I also started adding more weight training into my workouts and eating at least 5 meals a day. I realized that the way that I used to try and lose weight, was by not eating a lot and doing a lot of cardio. What makes the difference is trying to lift heavy weights and eating enough food to nourish your body. You won’t see results if you’re starving yourself. You won’t see changes in your body if you aren’t lifting weights. Being able to open your own jars without relying on someone is sexy, being able to pull your own body weight over a 7 foot wall is sexier (weight training helps with both).
Once of the most important lessons that I’ve learned is to have the right mindset. Leading a healthy and active lifestyle is not always easy, but you have to learn to be positive about everything. Success comes in believing you can do it even when you fail the first time. This is a lifestyle change and to be successful it takes determination and it takes patience. Small healthy changes over time help to make them permanent. There will be failures and face plants, but it’s important to get back up and keep going because that’s where you will find the victories.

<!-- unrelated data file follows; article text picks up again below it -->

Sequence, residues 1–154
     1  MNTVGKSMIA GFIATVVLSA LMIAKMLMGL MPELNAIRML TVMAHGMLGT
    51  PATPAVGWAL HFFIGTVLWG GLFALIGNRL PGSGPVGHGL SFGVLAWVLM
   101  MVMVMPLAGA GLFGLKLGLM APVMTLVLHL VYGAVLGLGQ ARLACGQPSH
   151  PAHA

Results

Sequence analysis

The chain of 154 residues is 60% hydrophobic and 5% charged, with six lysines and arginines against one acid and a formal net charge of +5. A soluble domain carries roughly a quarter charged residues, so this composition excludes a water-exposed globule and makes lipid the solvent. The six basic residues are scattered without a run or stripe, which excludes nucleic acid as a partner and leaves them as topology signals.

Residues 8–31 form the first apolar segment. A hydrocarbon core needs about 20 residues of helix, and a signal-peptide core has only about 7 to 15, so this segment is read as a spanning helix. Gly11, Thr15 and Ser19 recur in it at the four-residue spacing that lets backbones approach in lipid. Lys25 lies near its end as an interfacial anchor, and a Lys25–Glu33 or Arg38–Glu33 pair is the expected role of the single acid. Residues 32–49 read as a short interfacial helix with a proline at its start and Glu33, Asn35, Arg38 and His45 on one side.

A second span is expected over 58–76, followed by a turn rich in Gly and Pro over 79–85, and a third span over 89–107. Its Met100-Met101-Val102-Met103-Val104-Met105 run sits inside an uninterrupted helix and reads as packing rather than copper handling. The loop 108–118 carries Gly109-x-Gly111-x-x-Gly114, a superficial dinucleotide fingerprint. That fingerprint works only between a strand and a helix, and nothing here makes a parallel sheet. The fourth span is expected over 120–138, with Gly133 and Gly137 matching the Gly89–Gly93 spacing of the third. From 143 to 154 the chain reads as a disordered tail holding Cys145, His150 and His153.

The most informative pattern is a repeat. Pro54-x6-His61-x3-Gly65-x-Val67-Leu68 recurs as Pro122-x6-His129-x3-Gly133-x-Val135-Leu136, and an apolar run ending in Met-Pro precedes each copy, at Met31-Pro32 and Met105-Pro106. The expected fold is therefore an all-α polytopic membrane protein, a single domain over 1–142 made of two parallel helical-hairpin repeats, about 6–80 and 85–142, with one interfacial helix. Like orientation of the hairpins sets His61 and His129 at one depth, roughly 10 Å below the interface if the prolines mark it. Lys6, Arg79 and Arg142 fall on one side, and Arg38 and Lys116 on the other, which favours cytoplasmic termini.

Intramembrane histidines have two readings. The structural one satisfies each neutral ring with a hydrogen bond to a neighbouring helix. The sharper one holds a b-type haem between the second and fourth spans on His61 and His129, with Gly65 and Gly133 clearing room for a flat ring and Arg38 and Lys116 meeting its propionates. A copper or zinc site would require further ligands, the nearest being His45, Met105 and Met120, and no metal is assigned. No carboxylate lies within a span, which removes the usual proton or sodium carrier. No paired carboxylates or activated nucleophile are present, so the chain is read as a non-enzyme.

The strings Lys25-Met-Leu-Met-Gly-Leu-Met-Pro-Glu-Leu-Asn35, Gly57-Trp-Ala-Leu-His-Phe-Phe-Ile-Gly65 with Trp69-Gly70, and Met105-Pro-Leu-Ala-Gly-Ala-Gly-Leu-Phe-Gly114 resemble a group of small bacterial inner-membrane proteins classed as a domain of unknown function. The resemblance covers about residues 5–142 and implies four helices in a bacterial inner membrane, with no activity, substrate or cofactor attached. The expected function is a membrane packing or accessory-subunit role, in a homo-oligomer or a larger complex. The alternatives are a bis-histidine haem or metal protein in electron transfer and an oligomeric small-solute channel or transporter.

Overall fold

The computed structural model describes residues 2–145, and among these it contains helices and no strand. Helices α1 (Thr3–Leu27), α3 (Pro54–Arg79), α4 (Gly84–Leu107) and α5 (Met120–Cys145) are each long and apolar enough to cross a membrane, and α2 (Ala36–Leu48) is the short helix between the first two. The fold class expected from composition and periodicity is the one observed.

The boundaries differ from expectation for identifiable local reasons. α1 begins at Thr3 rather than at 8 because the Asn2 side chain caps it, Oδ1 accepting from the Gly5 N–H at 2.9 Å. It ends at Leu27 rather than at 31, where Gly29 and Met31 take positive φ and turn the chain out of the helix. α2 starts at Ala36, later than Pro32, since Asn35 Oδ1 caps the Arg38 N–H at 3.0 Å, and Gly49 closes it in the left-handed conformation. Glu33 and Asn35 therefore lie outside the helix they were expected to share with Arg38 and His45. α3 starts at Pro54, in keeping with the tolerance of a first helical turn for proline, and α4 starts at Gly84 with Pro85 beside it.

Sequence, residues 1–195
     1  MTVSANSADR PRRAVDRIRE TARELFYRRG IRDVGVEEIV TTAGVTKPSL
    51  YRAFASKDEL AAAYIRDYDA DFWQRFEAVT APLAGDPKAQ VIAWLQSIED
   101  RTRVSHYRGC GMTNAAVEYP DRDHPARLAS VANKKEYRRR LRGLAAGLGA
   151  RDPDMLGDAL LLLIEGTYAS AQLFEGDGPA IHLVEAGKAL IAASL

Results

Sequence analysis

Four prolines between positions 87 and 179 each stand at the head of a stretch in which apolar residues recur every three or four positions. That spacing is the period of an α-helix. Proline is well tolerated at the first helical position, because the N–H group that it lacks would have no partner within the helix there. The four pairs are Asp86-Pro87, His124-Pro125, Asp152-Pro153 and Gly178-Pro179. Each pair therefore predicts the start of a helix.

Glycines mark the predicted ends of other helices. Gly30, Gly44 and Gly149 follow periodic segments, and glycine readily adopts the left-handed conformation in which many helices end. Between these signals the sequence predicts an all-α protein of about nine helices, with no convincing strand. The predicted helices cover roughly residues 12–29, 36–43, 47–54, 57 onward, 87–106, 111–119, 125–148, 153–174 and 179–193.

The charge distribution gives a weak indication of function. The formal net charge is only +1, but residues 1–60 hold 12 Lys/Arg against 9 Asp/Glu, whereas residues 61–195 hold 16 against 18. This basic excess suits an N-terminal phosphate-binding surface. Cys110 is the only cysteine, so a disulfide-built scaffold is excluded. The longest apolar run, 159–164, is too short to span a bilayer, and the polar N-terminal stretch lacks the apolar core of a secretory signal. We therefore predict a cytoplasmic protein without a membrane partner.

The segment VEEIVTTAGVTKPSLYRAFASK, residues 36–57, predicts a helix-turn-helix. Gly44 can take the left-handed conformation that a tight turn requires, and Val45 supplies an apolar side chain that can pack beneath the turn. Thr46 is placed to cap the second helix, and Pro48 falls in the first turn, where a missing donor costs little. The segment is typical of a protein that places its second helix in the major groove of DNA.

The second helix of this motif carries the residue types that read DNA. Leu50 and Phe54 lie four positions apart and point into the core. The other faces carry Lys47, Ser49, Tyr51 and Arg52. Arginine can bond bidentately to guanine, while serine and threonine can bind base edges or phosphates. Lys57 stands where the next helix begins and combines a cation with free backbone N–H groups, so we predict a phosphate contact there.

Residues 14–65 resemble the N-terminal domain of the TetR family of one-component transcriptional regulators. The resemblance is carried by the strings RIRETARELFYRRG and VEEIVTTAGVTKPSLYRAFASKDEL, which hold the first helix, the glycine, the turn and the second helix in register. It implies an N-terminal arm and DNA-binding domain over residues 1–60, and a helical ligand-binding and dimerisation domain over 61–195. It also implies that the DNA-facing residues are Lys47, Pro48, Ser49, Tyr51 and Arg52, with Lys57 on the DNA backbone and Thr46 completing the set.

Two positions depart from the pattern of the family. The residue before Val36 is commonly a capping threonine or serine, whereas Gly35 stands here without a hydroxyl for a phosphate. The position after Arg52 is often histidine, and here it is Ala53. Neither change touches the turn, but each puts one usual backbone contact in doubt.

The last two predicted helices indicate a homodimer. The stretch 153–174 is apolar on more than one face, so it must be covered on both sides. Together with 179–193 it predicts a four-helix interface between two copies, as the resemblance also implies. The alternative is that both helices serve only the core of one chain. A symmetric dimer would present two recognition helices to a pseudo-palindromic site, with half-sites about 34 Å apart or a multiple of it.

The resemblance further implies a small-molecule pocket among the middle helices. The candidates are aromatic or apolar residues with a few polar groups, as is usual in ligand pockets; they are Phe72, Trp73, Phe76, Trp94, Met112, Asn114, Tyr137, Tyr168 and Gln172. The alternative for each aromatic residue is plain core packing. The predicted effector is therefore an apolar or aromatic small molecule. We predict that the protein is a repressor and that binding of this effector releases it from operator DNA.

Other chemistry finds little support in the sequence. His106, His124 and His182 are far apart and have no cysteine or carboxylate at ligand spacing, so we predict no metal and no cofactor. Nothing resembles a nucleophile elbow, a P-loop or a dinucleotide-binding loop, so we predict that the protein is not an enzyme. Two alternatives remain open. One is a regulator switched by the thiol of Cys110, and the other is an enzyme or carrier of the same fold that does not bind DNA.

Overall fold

Find your limits and push beyond them.
Posted by klouisjean on February 5, 2012